United States

US House Speaker Johnson blocks vote on Ukraine aid passed by Senate

Author: Editors Desk Source: France 24
February 14, 2024 at 06:24
Speaker of the US House of Representatives Mike Johnson (R-LA) speaks to members of the media at the US Capitol in Washington on February 7, 2024. © Leah Millis, Reuters
Speaker of the US House of Representatives Mike Johnson (R-LA) speaks to members of the media at the US Capitol in Washington on February 7, 2024. © Leah Millis, Reuters
The Republican leader of the US House of Representatives on Tuesday blocked war aid for Ukraine, ignoring President Joe Biden's plea that passing the bill was vital for standing up to "Russian dictator" Vladimir Putin.

Speaker Mike Johnson, who works closely with Biden's likely challenger in the November election Donald Trump, told reporters he has no intention even of allowing a vote on the bill.

"I certainly don't," he said.

The bill was approved in the Senate earlier Tuesday. It includes $95 billion in funding, mostly for the security of pro-Western Ukraine, as well as for the top US strategic priorities of Israel and Taiwan.

At the White House, Biden said that helping US allies -- and particularly coming to the aid of Ukraine as it struggles to fend off a two-year Russian invasion -- is a fundamental responsibility.

"History is watching," said Biden, repeating the phrase five times in televised remarks. "Supporting this bill is standing up to Putin. Opposing it is playing into Putin's hands," the Democrat added.

Biden also lashed out at Trump after the former one-term president encouraged Russia to attack NATO members who failed to meet financial commitments.

"For God's sake, it's dumb. It's shameful. It's dangerous. It's un-American," Biden said, saying that twice-impeached Trump viewed the Western military alliance as a "protection racket."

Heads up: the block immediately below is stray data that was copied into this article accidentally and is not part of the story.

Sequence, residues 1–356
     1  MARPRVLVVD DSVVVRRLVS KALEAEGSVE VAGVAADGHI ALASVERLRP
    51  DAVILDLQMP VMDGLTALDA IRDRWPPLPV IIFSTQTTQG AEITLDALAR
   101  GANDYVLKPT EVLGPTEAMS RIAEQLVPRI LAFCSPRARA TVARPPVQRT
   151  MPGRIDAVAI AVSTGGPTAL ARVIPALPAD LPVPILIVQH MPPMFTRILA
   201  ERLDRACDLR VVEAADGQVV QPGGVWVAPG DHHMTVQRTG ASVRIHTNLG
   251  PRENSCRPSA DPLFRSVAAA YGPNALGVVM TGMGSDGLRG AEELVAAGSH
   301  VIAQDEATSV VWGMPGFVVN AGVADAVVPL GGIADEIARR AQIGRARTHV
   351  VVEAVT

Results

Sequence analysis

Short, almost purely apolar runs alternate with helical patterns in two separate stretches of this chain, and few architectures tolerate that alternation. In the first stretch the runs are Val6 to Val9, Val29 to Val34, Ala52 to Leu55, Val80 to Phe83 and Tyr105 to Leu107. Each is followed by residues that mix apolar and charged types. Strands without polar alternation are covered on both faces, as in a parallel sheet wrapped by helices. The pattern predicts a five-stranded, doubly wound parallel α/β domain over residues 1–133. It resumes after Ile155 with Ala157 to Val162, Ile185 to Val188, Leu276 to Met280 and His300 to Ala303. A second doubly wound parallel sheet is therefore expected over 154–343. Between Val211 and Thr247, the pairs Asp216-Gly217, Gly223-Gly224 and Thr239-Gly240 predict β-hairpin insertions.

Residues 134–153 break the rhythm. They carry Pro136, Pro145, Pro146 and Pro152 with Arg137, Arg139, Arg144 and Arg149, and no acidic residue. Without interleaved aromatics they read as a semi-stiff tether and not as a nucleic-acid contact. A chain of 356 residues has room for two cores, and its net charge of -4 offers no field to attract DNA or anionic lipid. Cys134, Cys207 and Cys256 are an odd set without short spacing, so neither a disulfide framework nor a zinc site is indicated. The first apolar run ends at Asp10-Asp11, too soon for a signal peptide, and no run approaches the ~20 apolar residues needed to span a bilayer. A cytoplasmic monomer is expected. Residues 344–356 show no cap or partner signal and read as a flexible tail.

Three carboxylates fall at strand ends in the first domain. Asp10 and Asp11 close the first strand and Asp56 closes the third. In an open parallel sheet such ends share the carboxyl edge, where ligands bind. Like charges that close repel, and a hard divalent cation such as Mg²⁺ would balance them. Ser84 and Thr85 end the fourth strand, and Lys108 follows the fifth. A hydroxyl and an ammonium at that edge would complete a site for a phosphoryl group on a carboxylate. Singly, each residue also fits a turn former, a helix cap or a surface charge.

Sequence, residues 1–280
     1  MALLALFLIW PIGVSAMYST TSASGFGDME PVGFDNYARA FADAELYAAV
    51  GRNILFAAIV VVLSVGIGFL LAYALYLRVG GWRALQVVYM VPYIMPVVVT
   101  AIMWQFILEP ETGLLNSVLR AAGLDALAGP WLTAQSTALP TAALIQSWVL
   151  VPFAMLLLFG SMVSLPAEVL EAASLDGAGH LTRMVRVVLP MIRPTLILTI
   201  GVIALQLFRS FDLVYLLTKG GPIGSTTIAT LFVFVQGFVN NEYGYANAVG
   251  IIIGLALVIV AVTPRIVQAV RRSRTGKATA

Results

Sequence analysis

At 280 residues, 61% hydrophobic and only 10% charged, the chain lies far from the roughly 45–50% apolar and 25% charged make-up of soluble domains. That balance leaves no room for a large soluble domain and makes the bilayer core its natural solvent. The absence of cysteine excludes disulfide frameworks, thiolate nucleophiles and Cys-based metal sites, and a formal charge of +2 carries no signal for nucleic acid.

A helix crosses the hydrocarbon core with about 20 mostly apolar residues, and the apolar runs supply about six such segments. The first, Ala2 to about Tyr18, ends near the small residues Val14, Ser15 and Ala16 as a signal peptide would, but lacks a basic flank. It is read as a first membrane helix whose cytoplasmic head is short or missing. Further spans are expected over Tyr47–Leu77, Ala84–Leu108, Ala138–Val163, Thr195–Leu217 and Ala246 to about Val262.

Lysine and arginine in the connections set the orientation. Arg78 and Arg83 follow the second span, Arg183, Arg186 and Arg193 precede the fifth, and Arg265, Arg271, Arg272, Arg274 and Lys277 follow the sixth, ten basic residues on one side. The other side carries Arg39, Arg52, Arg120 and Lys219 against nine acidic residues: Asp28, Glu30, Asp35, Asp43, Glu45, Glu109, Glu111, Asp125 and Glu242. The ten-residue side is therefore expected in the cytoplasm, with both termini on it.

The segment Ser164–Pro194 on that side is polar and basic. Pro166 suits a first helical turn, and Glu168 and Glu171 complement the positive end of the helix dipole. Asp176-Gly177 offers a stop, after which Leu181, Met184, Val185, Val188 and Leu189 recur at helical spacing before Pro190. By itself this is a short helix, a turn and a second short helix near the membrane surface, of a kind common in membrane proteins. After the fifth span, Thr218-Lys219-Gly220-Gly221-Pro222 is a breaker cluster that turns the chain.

"No other president in our history has ever bowed down to a Russian dictator."


Republican maneuvers

US aid to Ukraine has been paralyzed for months by chaos in Congress, even as Kyiv begs for help to counter increased Russian attacks.

The $95 billion Senate package includes funding for Israel's military and for democratic island Taiwan, but the lion's share -- $60 billion -- would help Ukraine restock ammunition supplies, weapons and other crucial needs.

It passed easily in the Senate when enough Republicans defied Trump's behind-the-scenes maneuvers.

But Johnson then said he could not address Ukraine's security without first having strict new measures to stop illegal migration into the United States across the Mexican border.

"We really do owe it to the American people to get control of that border," he said.

In fact, Democrats in the Senate had already worked with Republicans to craft a joint bill which provided the foreign aid, while at the same time imposing the harshest new US border security measures in decades.

That bill was primed for approval in the Senate when Johnson announced it would be killed in the House.

This prompted the Senate to ditch that version and switch to Tuesday's new foreign-aid-only bill -- which was once again rejected by Johnson.

'Fundamental dishonesty'

Trump -- who dominates the Republican Party despite losing the last election and now facing 91 criminal counts in four separate cases -- has pulled the strings in Congress throughout the saga.

He opposes helping Ukraine's fight against Russia, saying he would resolve the war in one day if elected, and he has openly told lawmakers not to pass US border reforms -- while campaigning heavily on what he says is a desperate need to fix the border.

Biden has attacked Trump for using the border issue as a political battering ram.

About the same number of voters in an ABC Ipsos poll on Sunday blamed Republicans (53 percent), Democrats (51 percent), but Biden was blamed by 49 percent for the failure to pass border laws -- while only 39 percent blamed Trump.

One Republican senator, Bill Cassidy, lashed out at his party Tuesday after Johnson killed the aid bill.

"I'm incredibly frustrated. I'm frustrated because I feel this is a fundamental dishonesty with the American people," he said.


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